Rain Barrel System 101: Installation, Cleaning, and More

Jane Marsh - February 6, 2023

We are reader-supported. When you buy through links on our site, we may earn affiliate commission.

Almost every innocuous household activity requires water, including washing hands, dishes, and laundry. Humans should regularly consume water to stay hydrated and shower for personal hygiene. On top of these minimum requirements, households must water plants, flush toilets, and bathe their pets. These activities amount to around 60 gallons per person daily, though they can vary based on geographic location and water accessibility. Although water is renewable, humans use it intensely, and the world is having difficulty keeping up. Therefore, more people are interested in a rain barrel system.

Water treatment plants are under more stress than ever to filter out new threats like microplastics, on top of quality treatment of chemicals, toxins, and bacteria. The water crisis is real, and rain barrel systems give agency to households to harvest found water for home use. It decreases the stress on the environment while reducing water bills. 

How Do You Install a Rain Barrel System?

You can either buy a premade rain barrel system or DIY. Buying from a company could involve additional costs like installation and labor. However, the only effort required on the home’s part is research. It also provides household’s an asset if they have any questions regarding maintenance and care — they will have access to a professional to make notes.

If you want to go the DIY route, here are the basic steps and what you’ll need, suggested by HGTV:

  1. Find some opaque barrels and clean them out.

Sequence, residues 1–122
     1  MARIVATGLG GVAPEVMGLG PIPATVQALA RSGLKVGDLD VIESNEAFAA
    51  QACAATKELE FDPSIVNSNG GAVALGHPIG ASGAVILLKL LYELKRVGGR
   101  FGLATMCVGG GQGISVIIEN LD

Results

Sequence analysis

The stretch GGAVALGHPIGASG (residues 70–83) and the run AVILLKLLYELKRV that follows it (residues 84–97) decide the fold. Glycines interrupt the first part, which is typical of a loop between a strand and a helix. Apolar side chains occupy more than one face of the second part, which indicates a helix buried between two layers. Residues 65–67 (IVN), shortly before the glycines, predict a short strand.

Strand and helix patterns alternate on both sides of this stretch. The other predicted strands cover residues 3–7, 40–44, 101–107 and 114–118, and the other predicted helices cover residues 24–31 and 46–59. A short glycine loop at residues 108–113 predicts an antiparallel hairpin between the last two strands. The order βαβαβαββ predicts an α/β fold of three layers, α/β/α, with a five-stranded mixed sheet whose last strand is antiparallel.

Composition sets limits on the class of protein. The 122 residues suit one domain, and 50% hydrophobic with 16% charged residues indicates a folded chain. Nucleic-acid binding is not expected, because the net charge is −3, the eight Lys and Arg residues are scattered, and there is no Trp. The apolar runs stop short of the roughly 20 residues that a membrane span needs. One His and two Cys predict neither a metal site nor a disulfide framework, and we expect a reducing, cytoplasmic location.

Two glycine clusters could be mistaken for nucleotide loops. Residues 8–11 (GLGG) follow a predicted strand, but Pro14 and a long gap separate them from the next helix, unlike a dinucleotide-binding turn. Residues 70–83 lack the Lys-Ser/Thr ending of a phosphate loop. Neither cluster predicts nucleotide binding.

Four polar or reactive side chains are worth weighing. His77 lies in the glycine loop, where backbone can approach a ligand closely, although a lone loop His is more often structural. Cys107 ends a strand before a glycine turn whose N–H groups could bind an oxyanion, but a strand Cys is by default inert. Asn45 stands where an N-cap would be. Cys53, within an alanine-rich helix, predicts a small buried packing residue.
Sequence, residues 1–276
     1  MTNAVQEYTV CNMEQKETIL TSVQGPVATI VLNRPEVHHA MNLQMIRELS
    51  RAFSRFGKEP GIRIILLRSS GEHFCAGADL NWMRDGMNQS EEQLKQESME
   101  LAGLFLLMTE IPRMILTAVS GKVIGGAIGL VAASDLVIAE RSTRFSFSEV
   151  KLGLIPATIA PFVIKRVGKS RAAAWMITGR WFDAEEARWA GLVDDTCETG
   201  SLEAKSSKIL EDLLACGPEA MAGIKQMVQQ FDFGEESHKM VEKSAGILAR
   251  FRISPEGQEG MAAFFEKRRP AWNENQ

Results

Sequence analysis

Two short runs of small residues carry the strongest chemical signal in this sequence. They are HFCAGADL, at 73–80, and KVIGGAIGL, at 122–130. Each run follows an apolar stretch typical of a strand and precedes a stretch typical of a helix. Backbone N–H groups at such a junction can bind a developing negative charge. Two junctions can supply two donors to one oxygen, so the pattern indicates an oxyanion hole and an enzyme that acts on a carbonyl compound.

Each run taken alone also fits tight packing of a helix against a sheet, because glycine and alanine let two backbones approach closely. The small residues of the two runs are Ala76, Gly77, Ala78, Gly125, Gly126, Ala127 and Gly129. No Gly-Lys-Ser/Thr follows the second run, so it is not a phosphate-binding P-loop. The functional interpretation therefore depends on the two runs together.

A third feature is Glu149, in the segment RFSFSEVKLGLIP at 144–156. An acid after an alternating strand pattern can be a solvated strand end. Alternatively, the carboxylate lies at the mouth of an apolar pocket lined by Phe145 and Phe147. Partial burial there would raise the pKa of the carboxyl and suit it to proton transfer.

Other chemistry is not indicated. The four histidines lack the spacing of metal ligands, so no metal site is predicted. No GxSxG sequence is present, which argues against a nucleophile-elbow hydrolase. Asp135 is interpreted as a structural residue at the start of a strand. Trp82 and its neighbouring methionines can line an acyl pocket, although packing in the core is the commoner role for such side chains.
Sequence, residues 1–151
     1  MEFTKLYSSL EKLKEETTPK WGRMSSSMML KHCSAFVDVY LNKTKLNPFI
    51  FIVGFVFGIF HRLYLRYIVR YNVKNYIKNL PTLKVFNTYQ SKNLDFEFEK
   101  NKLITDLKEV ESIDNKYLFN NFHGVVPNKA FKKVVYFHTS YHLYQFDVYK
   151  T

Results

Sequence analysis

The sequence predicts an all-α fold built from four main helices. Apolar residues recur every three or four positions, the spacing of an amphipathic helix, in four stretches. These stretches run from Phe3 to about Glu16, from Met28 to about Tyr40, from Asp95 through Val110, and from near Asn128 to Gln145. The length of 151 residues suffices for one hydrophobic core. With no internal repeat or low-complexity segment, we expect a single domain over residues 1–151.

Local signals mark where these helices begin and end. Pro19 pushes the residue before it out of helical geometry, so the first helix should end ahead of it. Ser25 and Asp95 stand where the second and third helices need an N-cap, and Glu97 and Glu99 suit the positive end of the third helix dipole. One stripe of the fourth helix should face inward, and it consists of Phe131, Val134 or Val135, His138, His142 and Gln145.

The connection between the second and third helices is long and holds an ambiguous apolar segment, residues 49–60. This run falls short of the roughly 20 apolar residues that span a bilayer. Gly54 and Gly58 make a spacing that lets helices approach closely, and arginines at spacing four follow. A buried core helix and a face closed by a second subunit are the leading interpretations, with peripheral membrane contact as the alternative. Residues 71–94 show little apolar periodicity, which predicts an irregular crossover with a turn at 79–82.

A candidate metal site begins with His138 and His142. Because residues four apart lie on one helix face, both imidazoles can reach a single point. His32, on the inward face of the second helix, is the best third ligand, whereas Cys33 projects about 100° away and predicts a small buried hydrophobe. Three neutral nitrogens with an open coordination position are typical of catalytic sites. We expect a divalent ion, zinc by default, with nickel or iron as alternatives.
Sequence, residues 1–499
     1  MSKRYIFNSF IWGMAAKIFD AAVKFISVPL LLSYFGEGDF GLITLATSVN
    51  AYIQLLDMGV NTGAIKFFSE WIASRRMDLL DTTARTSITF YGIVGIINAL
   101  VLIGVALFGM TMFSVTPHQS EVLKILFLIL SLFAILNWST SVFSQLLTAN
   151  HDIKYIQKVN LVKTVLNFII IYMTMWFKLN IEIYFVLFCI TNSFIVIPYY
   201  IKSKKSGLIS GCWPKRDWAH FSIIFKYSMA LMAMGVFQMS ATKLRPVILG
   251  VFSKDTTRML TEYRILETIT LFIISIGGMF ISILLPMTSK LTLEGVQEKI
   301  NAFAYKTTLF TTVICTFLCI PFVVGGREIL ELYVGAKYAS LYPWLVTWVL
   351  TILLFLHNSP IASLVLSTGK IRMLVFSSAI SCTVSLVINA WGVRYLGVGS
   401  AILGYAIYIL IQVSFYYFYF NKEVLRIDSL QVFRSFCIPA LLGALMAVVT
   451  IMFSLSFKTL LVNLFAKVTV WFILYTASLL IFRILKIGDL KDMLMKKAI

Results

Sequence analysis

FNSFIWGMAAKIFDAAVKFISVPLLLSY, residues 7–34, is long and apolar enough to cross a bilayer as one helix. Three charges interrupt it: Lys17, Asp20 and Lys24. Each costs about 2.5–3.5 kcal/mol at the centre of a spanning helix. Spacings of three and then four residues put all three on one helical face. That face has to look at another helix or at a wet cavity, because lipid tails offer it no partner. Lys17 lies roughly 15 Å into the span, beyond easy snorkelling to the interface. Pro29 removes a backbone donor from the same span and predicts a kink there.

2. Cut holes in the first barrel in the system. One is for overflow, and the other is the pipe connecting to the roof to collect the rainwater.
  3. Add mesh filters if desired.
  4. Use PVC pipes and PVC glue to connect all the barrels.
  5. Build a platform for the barrels to sit.
  6. Attach a spigot and hose.
  7. Seal everything with putty or silicon.

This is only one method of many, so find the one that works best for your land and assets.

How Do You Keep Rain Barrels Clean?

You can choose to have an open rain barrel system or barrels with lids. No matter what, systems must be in place to keep the water as clean as possible. Netting on entry holes can prevent bugs, leaves, and larger debris from the barrel. If your home intends to use the water for potable purposes, consider adding filters or purification methods.

Not all barrels need aeration, but yours might. If you’re worried about stagnant water attracting insects like mosquitos, implement an aeration method, like a water pump, to add more oxygen to the water and keep it moving. Aeration will easily prevent unwanted bugs from infesting the water and algae from blooming. Getting opaque barrels also helps with this since preventing light from entering the basin will stop other species from reproducing.

You will also want to rinse and clean the rainwater once a month or more with bleach, vinegar, or another cleaning agent. These, alongside regular movement, can keep the water fresh and reduce potential odors. Occasionally you will need to wash out the entire barrel and connecting pipes, but you should only need to do this occasionally.

What Are the Top Uses for the Rainwater?

The two most prominent benefits of a rain barrel system are that it’s ideal for the planet, and it reduces water usage and expenses in a household. The way a home uses rainwater can vary. Still, it’s vital to note federal governments have no regulations over rainwater harvesting and usage — that doesn’t mean state or local laws don’t exist. Always research your country or state to ensure legal rainwater collection and applications.